·Ex-Im Bank will commit $563 million in financing to support the sale of General Electric locomotives to Transnet, South

Africa’s largest integrated freight transport company. Major components of the locomotives will be manufactured at GE’s facilities in Erie, PA and Grove City, PA *supporting an estimated 2,500 American

Millennium Challenge Corporation

·MCC will commit up to $2 billion in funding for new compacts in Africa that facilitate *private sector-led economic growth and poverty reduction, creating potential opportunities for U.S. companies. This commitment includes $498 million over the next five years to support the turnaround of Ghana’s electricity sector and stimulate private investment. This Compact represents an example of the catalytic impact of Power Africa interventions which will help create the enabling environment to catalyze billions of dollars ofprivate investment in Ghana.

·MCC will also lead it is first ever investment mission to Africa to introduce U.S. businesses to the opportunities for investing in and around its Compacts. In addition, MCC will hold at least eight Procurement Promotion sessions with U.S. companies to promote Compact contracting opportunities and developing five Trade and Investment Prospectuses, one for each new Compact in Africa, that outline the specific business opportunities that are expected to arise from MCC’s investments.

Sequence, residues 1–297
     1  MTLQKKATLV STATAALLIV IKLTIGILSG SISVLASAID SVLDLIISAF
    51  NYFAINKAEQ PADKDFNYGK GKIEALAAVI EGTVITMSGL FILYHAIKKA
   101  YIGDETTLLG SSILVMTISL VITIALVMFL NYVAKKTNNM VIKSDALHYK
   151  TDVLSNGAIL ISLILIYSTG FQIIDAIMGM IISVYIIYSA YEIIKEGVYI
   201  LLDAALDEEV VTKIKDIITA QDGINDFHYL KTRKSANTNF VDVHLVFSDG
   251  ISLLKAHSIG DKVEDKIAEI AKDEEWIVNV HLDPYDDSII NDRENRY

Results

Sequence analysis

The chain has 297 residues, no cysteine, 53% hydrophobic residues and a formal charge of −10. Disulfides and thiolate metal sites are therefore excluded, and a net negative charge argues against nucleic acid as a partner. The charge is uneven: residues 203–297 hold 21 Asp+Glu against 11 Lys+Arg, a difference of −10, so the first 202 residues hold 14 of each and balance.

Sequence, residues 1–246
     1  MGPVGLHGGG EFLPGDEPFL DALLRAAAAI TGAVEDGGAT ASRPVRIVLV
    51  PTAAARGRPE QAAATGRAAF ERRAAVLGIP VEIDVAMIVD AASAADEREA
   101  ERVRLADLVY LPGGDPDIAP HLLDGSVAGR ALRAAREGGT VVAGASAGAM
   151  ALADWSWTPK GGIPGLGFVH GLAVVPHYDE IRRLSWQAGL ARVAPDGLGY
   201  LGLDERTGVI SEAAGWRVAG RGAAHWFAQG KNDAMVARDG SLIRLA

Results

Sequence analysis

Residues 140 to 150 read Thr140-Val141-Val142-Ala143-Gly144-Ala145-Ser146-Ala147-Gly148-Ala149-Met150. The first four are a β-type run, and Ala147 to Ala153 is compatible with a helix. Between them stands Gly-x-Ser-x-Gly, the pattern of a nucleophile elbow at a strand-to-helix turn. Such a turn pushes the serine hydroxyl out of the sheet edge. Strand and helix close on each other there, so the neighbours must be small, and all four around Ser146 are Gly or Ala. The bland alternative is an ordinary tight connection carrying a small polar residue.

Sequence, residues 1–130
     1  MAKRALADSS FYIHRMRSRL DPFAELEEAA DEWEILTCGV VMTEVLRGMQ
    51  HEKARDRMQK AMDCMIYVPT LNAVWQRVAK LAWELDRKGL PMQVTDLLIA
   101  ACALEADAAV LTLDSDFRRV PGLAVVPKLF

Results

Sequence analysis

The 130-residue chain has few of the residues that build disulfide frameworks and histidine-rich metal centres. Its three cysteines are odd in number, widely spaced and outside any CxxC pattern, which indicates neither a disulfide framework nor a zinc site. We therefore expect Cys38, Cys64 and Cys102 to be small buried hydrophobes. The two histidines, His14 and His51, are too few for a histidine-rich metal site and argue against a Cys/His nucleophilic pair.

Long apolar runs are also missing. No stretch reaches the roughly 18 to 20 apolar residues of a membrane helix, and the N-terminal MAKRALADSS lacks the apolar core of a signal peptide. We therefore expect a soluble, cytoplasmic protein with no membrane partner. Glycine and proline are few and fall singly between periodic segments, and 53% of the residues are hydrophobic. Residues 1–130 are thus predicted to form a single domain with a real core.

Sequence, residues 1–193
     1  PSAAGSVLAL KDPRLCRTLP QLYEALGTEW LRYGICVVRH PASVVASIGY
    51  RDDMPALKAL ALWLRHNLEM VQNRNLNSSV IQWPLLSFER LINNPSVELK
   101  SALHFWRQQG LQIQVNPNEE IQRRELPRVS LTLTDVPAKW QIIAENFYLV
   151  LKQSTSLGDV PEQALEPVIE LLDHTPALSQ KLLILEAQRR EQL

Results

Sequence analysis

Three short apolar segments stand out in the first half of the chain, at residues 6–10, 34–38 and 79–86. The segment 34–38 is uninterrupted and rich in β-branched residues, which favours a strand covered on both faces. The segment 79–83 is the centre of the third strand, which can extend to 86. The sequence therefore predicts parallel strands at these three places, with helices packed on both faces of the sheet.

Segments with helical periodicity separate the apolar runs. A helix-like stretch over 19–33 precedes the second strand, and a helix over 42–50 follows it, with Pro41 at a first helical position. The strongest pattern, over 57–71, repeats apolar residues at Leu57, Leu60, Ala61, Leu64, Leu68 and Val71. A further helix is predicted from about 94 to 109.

Overseas Private Investment Corporation

OPIC will commit up to $1 billion in financing and insurance support to catalyze private sector investments in Africa. This is in addition to OPIC’s existing $1.5 billion Power Africa commitment. OPIC reaffirmed its plan to place personnel on the ground in sub-Saharan Africa to help facilitate increased U.S. trade and investment and will support an investment mission to the region, with a focus on the power sector.

·OPIC will coordinate approximately a dozen U.S. government meetings on August 6, 2014, for U.S. and African private sector investors and project developers to discuss discrete transactions for financing support consideration to OPIC, as well as other DBIA investment agencies.

U.S. Trade and Development Agency (USTDA)

·USTDA, in cooperation with the U.S. Department of Energy and U.S. Department of Transportation, hosted two African Leaders Visits in association with the U.S.-Africa Leaders Summit .These reverse trade missions highlighted the United States’ experience fostering economic growth through strategic infrastructure investments in the energy and transportation sectors.

·USTDA announced it will partner with the Air Traffic and Navigation Services Company of South Africa to evaluate satellite-based automatic dependent surveillance-broadcast across the African continent, the implementation of which will improve air traffic safety and create over $100 million in U.S. export opportunities.